Silica (325 mesh Flint)
Bone Ash

Firing is another crucial component to Copper Reds.  Currently I fire in a large natural gas kiln with about 30 cubic feet of stackable space in about 10-11 hours.  I essentially use John Britt’s Reduction 1 firing cycle with a few tweaks.  I fire oxidation until cone 010 drops (about 1700 degrees F) and then do 30 minutes of heavy reduction- the kiln usually stalls in temp.  Then, I fire in mild to medium reduction until cone 10 is very soft.  I’d say more reduction is better than less here. I’ve yet to see adverse effects from over-reducing but I have gotten green from under-reducing.  Lastly, I open the damper and put the kiln into straight oxidation for 30 minutes, until cone 10 drops and 11 is soft- then shut down with the damper closed.  Robert Tichane writes about the importance of peak temp. oxidation for bright reds, and I’ve seen great results with this technique.

Now go mix up some glaze and start chasing the red!

Rustic Pottery: Woodfiring

Copyright 2005 St. John’s Pottery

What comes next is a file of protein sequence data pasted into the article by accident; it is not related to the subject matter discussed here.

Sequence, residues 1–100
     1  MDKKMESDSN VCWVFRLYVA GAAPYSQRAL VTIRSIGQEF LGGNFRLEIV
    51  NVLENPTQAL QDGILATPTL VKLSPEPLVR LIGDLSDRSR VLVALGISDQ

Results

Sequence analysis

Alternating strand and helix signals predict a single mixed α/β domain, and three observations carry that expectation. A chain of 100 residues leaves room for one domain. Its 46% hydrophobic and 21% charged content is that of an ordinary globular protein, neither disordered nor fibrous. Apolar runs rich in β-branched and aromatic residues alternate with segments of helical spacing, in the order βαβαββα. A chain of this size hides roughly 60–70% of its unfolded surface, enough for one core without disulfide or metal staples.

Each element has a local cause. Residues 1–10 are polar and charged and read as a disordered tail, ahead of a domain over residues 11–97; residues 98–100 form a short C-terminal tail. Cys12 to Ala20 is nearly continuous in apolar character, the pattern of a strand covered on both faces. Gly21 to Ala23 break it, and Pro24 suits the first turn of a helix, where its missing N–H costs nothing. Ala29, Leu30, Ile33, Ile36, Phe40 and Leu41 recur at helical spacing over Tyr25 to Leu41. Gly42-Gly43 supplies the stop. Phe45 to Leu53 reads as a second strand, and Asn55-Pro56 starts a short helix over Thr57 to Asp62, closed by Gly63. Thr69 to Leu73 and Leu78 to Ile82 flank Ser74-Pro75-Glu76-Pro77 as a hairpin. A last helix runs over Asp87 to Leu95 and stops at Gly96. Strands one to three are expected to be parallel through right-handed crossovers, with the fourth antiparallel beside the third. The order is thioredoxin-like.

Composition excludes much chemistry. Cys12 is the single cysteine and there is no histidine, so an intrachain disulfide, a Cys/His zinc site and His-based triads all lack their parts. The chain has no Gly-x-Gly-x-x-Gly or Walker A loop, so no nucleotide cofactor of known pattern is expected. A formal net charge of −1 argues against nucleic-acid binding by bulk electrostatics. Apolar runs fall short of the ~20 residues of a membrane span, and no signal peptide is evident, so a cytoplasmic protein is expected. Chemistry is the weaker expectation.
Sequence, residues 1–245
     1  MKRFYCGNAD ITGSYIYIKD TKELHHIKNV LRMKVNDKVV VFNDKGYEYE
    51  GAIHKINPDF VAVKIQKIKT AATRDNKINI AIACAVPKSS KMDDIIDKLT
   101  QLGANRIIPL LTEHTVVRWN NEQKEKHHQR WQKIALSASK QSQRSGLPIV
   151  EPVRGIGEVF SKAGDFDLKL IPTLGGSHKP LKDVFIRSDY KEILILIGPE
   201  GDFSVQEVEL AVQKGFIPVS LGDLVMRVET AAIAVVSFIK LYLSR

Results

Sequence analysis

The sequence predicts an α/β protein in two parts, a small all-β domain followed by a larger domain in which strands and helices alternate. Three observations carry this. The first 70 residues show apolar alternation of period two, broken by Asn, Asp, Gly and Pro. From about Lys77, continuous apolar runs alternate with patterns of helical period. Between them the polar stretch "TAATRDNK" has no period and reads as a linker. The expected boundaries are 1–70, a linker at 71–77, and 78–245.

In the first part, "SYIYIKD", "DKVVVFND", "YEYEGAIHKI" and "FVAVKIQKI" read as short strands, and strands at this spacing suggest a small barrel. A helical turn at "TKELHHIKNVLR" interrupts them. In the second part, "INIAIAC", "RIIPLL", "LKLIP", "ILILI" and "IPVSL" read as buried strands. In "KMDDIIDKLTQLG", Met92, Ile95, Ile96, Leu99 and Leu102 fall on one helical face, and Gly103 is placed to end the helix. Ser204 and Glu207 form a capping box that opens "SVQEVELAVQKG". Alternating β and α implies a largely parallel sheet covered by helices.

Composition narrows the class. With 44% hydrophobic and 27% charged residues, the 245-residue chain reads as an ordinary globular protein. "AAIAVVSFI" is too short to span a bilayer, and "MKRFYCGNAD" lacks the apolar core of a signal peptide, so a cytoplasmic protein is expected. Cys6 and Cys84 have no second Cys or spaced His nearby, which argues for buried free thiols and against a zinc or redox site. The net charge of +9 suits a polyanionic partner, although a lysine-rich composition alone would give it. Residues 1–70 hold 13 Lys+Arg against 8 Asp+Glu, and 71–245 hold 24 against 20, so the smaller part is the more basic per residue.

My interest in something I like to call rustic pottery began in high school, after my first visit to the St. John’s Pottery. I was impressed by the idea of harvesting pottery materials directly from nature, but even more blown away by the colors and surfaces achieved by Richard Bresnahan and his apprentices. I bought the book Body of Clay, Soul of Fire and it sat across from my pottery wheel for the rest of my senior year.  Richard’s pottery was glazed naturally by wood ashes and flame that floated through the 87 foot long kiln, painting the pottery over the course of a 10 day wood firing. He learned these techniques during his apprenticeship in Karatsu, Japan. I tried to replicate his glazes and surfaces in our small electric kiln at Xavier High School and this made for some bright colors, but I was thirsty for the juicy wood fired surfaces.